Minister Hun Sen confronted them with derisive remarks: Those coalitions were the

creation of four or five persons only and then they pretended to determine the destiny

of the nation in place of the National Assembly and the Senate who had been duly

elected by the people. They arbitrarily wanted to make laws this way or that way.

They wanted the first-past-the-post system of election, not the proportional representation.

He further said that whether they wanted to participate or not, it is up to them.

Now that the law had been passed "we cannot wait; we have not invited you; regardless

whether you come or not, the government will proceed with the elections anyway."

For his part, the President of the National Assembly, Prince Norodom Ranariddh, expressed

disappointment with the position of the three election monitoring coalitons and saw

it as a "threat" to the supreme democratic institution which represents

the opinion of the people of the whole country.

The position of the three coalitions has caused concern within the donor community.

Efforts have now been made to prod them into participating in that Coordinating Committee

of Election Monitoring NGOs (CCEMNGO) now that "the law has been adopted and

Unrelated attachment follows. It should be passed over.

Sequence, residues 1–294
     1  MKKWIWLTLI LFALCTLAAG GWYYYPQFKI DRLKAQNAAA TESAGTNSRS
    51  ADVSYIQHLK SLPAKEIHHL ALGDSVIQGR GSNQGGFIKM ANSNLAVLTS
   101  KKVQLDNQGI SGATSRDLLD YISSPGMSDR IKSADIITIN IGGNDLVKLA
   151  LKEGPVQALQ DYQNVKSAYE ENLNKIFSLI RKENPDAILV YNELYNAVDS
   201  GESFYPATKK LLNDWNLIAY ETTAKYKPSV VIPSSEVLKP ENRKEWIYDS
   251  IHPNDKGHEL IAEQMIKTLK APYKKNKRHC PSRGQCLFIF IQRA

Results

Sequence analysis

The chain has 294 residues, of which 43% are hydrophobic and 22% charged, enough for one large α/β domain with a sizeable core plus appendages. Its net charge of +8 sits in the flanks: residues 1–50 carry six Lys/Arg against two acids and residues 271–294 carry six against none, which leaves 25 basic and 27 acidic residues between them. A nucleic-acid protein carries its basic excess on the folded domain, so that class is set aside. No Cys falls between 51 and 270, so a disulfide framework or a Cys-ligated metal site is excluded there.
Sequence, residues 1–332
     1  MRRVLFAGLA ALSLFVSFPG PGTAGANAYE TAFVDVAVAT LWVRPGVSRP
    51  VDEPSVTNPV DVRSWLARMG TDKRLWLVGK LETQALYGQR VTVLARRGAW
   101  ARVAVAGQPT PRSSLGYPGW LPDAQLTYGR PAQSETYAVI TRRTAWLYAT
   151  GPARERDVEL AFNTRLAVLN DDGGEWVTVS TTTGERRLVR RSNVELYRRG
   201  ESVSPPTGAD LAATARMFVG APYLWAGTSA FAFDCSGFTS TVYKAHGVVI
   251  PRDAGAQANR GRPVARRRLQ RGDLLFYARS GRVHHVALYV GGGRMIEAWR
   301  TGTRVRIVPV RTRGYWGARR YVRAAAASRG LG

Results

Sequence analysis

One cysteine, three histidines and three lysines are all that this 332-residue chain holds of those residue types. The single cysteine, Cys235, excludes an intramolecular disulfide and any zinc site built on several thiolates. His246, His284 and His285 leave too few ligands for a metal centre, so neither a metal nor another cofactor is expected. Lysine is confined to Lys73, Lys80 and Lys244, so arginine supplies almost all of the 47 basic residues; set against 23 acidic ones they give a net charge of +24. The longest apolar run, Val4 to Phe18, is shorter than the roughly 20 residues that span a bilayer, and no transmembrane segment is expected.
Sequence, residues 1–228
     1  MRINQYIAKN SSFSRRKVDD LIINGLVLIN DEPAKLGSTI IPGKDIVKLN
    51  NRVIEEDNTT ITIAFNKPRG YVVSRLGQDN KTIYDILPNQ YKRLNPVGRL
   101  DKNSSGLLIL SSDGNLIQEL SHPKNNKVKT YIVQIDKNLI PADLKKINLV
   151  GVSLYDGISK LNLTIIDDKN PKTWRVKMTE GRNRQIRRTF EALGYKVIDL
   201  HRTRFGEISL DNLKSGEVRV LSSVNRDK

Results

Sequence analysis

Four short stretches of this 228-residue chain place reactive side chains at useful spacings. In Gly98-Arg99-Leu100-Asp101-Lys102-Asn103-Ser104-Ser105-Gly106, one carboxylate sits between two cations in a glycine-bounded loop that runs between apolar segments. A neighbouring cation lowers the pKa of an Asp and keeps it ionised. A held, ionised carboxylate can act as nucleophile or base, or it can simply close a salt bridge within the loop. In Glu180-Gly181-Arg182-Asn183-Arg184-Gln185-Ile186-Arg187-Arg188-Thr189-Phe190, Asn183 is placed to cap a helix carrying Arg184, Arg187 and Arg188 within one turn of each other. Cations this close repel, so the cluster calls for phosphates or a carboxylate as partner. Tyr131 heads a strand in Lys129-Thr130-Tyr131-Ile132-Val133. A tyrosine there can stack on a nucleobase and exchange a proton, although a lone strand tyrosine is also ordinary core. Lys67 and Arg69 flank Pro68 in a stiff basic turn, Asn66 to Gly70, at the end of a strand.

cannot be changed". The three coalitions have held stead fastly to their position.

They have put forth a number of arguments in support of their position.

First, their independence would be put in jeopardy when they participate in the CCEMNGO

as they will in effect be placed under the control of the NEC which fixes, or has

a final say over, the rules and regulations for the election of the members of the

CCEMNGO, and for the accreditation of election monitoring NGOs and their deployment

across the country. They have shown particular concern over the channeling of funds

for monitoring through, and the control of these funds by, the CCEMNGO and finally

by the NEC itself. Such channeling and control would jeopardize their independence

and finally their credibility. Without independence and credibility their raison

d'être simply disappears.

Secondly, the NEC is in control of the CCÉMNGO. This means in effect that

it organizes the elections and monitors them at the same time. These two functions